Jesus asked his followers who do people say that I am? There were a variety of answers, Elijah, John the Baptist, one of the ancient prophets. Then Jesus asked who do you say that I am? Peter gave the answer, the Christ, the Son of God. No one apparently dissented from that answer, an answer that said much more than who Jesus is, but said who they, Christ's followers were, and are. Christ warned of dire things to come, suffering, persecution, death. Christ also spoke of great things, resurrection. Christ told them that in order to follow him they must take up their cross, deny themselves, give themselves to God and to others. Answering by saying that Jesus is the Christ, defines them as they strive to take up crosses and follow. How do we, today, answer that simple question, who do you say that I am? There are still a variety of answers, those who claim there was no Jesus, no actual person, just a myth. There are those who claim that Jesus was a simple itinerant preacher, a wise man who said great things, but not God. Then there is us, we who gather to celebrate, who proclaim the answer that Peter gave, you are the Christ of God. The basic statement of our faith, the kerygma, Jesus is Lord. We proclaim it, we believe it, we say who Jesus is, and at the same time we say who we are. We, as a people, are defined by this acknowledgement of Christ. Who we are, what we do, should be defined by our belief in that statement. When we say who Jesus is, we say who we are. We are a people striving to e compassionate, a people striving to be loving, a people striving to live the belief of that kerygmatic statement, Jesus is Lord. Of course we do not always succeed. We fall short, often, not always accepting the crosses that come our way, not always denying ourselves, not always loving as we should. Yet we strive, we reach we try, imperfect as we may be, to reach that ideal, to live as Christ asks. We strive, and in that attempt should someone look at us and ask who are they, one can truly and honestly say they are Christians.
The Twelfth Sunday in Ordinary Time
June 20, 2010
Monday, June 14, 2010
Gal 2:16, 19-21
There is a song by Don Henley entitled The Heart of the Matter. One line of the song says, "I've been trying to get down to the heart of the matter, but my will gets weak and my thoughts seem to scatter, but I think it's about forgiveness, even if you don't love me anymore..."
It's about forgiveness. All of us have need for forgiveness. All of us need to forgive. This is just a simple fact of human relationships. We will find a way to do something to someone that requires seeking forgiveness. We will all find a time we need to forgive. Neither of these is an easy thing to do. To look at someone who has hurt you in some way, done something to you, and to forgive them, well that's not easy. To swallow your pride, and go to someone you have hurt and ask for forgiveness, not an easy thing. The possibility of rejection is huge. Which, however, is more difficult, living with the pain caused you by another, nursing it, holding on to it, having it infect the rest of your life, or looking past the pain, past the hurt, and acting in love by forgiving. Maybe this person doesn't want your forgiveness, maybe they don't think they need it. Which is more difficult, living with the knowledge that you harmed another in some way, perhaps feeling guilty, and having that infect the rest of your life, or seeking forgiveness, trying to make amends, to atone for your transgression. Maybe the person you need forgiveness from is in no mood to give it, maybe they never will be. Both forgiving or seeking forgiveness are scary. If you really want peace in your life these are your only options. Yes, what was done to you may seem so awful that you can't forgive, what you have done may seem to you to be unforgiveable. David committed murder, cold blooded, calculated murder, so he could marry another man's wife. Murder, the intentional taking of another person's life, what act could be more heinous? Yet when confronted with his sin by Nathan, David admitted his sin and God forgave him. Jesus, eating at the house of Simon the Pharisee, is approached by a woman, a sinner, a public sinner, known to all there as a sinner. The other guests are aghast as she weeps on Christ's feet, bathing them with her tears, drying them with her hair. She anoints Christ's feet with oil and this is just about too much for Simon. How could Christ let this sinful woman touch him? He confronts Christ, but is told that this woman has shown great love. She has also shown great courage. She knew her presence would disturb those at the dinner. She could not be completely sure Christ would not send her away. She had faith, she had love, and she trusted that she could be forgiven, no matter what her sins might be. Just like David, she was forgiven. God's love for us is absolute and unconditional. God's forgiveness is there for the asking. We don't deserve it, we can't earn it, but it is ours because of love. We have all been hurt, we have all caused hurt, we all need forgiveness, we all need to grant forgiveness. It is hard, but e must remember that God forgives, no matter the sin. How can we refuse to forgive if God does? Are we better than God?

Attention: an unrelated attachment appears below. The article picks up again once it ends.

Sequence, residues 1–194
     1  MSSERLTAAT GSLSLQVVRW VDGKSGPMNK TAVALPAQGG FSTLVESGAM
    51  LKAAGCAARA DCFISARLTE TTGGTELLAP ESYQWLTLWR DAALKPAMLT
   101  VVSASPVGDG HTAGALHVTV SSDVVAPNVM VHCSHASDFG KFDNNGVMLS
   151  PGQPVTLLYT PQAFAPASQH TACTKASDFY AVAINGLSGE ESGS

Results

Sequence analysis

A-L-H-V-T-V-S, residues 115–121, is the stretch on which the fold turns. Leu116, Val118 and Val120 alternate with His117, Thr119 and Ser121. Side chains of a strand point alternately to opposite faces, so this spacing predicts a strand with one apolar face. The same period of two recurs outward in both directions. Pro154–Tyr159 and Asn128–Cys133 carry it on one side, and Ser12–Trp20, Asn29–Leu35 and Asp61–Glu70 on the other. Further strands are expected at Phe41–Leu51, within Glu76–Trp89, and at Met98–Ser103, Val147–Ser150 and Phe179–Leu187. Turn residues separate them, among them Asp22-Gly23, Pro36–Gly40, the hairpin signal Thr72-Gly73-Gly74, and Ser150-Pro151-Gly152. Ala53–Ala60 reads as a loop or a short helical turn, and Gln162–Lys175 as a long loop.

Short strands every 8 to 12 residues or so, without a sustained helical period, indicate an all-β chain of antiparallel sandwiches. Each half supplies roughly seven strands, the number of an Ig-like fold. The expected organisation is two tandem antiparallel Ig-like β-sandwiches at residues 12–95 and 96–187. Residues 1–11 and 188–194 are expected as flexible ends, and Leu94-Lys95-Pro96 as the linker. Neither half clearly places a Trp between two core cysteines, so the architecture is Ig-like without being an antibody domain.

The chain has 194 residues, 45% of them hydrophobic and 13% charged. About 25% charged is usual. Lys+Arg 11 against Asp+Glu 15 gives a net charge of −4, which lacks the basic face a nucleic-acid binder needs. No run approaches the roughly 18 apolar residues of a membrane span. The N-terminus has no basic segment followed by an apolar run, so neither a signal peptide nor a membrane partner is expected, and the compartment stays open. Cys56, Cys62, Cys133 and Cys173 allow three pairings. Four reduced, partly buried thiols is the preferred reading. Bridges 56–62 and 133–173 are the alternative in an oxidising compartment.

The Eleventh Sunday in Ordinary Time
June 13, 2010
Monday, June 07, 2010
1 Cor 11:23-26
The average adult human being can survive for approximately 4 to 6 weeks without food, with no caloric intake. This depends, of course, on many factors such as weight and the individual's overall health. Still, even the best conditioned person, or as too many of us Americans are, the largest person, cannot survive much beyond 6 weeks.